Today’s world assumes economic growth. The natural state of affairs is presumed to be one where the economy must grow. If the economy stops growing or merely shrinks, alarm bells start going off among economists, stock traders, and governments around the world. A “recession” is afoot, therefore, there must be a crisis. 

However, the assumption of never-ending economic growth is a relatively recent development. Prior to this, 19th Century economists such as Thomas Malthus and David Ricardo believed that growth would reach a limit eventually. This was a mainstream belief in economic thought, until Robert Solow and Trevor Swan posited their influential model of neoclassical economic growth in the mid-20th Century, one that, at least mathematically, has no limit. However, new considerations have begun to put this model into doubt – specifically, questions regarding land scarcity. Is there an environmental limit to economic growth?

First, some background. Both Malthus and Ricardo believed in natural limits to economic growth. For Malthus, this natural limit was population. He believed that wages would grow to a point beyond subsistence level, and with a higher rate of wage growth, a higher rate of population growth would inevitably ensue. This rate of population growth, he argued, would exceed the growth rate of capital growth and land cultivation, which he believed to be the inputs to national income. National income, he believed, was the production of the necessary goods for survival. It can only grow arithmetically, whereas the population grows geometrically, specifically, it doubles every 25 years. Therefore, food production and food demand grow at different rates, such that:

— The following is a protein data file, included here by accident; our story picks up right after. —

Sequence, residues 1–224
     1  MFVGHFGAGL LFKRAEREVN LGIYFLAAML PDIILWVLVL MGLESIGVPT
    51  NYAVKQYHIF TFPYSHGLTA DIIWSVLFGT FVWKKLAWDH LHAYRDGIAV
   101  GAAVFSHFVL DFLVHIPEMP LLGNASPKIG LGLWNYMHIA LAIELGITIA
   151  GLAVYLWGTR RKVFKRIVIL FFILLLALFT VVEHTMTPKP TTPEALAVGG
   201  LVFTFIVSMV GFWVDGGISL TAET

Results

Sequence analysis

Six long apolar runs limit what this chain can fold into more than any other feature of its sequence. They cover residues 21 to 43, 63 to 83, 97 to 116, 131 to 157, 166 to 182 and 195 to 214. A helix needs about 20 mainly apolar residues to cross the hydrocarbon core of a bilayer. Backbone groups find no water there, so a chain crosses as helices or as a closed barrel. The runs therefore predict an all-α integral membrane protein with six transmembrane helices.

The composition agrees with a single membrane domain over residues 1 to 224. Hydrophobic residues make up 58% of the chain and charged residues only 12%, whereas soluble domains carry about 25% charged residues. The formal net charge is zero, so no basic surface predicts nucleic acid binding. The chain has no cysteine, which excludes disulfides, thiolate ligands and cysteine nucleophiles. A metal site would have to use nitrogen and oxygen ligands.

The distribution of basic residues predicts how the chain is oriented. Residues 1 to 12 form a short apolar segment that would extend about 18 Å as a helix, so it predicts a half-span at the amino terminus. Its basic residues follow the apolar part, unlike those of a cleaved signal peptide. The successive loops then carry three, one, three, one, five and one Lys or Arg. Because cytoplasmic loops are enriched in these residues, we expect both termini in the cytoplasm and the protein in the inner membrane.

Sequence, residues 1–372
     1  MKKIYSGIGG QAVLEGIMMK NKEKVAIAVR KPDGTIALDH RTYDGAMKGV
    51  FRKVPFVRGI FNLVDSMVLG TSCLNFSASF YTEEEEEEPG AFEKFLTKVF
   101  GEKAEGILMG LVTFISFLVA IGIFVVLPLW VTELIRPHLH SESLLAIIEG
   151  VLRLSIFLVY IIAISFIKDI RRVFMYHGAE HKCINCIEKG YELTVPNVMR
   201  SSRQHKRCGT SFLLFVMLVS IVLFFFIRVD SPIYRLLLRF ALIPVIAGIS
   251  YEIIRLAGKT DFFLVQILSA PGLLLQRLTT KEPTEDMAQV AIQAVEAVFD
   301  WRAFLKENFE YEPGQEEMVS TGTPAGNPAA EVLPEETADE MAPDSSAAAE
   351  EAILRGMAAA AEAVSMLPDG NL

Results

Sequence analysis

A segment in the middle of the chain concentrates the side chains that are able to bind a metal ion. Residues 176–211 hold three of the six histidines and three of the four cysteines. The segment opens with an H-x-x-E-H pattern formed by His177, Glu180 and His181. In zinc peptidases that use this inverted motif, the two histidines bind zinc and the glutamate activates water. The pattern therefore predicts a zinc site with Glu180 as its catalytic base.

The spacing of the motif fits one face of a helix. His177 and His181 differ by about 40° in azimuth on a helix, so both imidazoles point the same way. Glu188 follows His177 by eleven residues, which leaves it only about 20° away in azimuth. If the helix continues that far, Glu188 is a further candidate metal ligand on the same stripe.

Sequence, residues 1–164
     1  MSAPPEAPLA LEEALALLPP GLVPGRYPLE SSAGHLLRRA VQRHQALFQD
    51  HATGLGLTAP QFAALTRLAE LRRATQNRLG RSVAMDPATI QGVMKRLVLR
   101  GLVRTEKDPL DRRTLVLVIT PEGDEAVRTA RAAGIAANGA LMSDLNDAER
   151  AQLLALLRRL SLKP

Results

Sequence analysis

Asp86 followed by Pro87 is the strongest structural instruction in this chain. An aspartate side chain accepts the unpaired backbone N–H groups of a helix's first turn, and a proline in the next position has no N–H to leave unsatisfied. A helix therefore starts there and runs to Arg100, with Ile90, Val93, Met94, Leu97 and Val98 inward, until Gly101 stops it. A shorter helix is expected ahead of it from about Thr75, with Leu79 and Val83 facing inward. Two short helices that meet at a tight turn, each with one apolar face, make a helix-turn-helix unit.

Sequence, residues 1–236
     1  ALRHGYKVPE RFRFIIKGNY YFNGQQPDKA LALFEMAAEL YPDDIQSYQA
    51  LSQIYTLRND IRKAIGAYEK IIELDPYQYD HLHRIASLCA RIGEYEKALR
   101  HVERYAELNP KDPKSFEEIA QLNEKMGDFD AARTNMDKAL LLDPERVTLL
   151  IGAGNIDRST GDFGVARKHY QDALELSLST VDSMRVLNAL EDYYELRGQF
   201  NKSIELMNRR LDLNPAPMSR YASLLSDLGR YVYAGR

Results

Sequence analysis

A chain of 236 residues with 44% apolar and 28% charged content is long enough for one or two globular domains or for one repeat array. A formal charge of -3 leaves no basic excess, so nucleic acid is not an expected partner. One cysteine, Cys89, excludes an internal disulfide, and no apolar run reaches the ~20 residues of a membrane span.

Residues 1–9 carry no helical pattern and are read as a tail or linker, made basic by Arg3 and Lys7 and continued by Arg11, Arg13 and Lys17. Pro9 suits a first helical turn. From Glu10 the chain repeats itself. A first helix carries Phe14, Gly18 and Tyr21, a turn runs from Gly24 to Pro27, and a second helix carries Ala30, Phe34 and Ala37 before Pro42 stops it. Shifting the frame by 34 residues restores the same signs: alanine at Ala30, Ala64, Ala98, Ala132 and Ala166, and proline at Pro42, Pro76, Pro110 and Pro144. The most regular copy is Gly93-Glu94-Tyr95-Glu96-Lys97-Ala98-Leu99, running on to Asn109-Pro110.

Figure 1: Food production v. demand in Malthus’ model

For Malthus, the ultimate check on population growth is limited food supply. When the curve of food demand intersects with that of food production, growth stalls and starvation inevitably follows. [1]

While Malthus believed that it was food production that would put a cap on economic growth, Ricardo built upon this theory to create a model where land, specifically its limited supply, was the main factor in limiting growth. For Ricardo, the idea of “rents” plays a central role. As capitalists accumulate wealth and reinvest their savings into more ventures, thus hiring more workers, the demand for labour rises and wages rise. Like Malthus, Ricardo believed that higher wages lead to higher population, which would inevitably lead to greater demand for food. This means that more and more land needs to be cultivated, starting from the most fertile to the least. As less and less productive lands are put to use, food prices rise and capitalists are forced to pay their workers ever-increasing wages to keep up their subsistence, thus squeezing their profits. Eventually, there will come a point where profits fall to zero. When this happens, there will be no more accumulation, saving, or re-investment. Growth stalls and the economy reaches a point of stagnation. [2]

Up until the first half of the 20th Century, there was no general assumption of endless economic growth. This all changed in the 1950s, when economists Robert Solow and Trevor Swan posited their Solow-Swan model of growth. The model itself was simple:

Where t is time, Y is total economic production, K is the stock of capital, L is the amount of labour, and A is multifactor productivity, colloquially referred to as “technology”. Y increases as K, L, and/or A rises. 0<<1is the elasticity of output with respect to capital (for example, as K(t) increases, Y(t) grows by less and less). Therefore, increases in capital and labour both contribute to increased production, but they are subject to diminishing marginal returns if one increases while the other is held constant. Yet, Solow found real growth to be greater than proportional increases in labour and capital. He found a residual (SR), the proportionate growth of multifactor productivity year-on-year: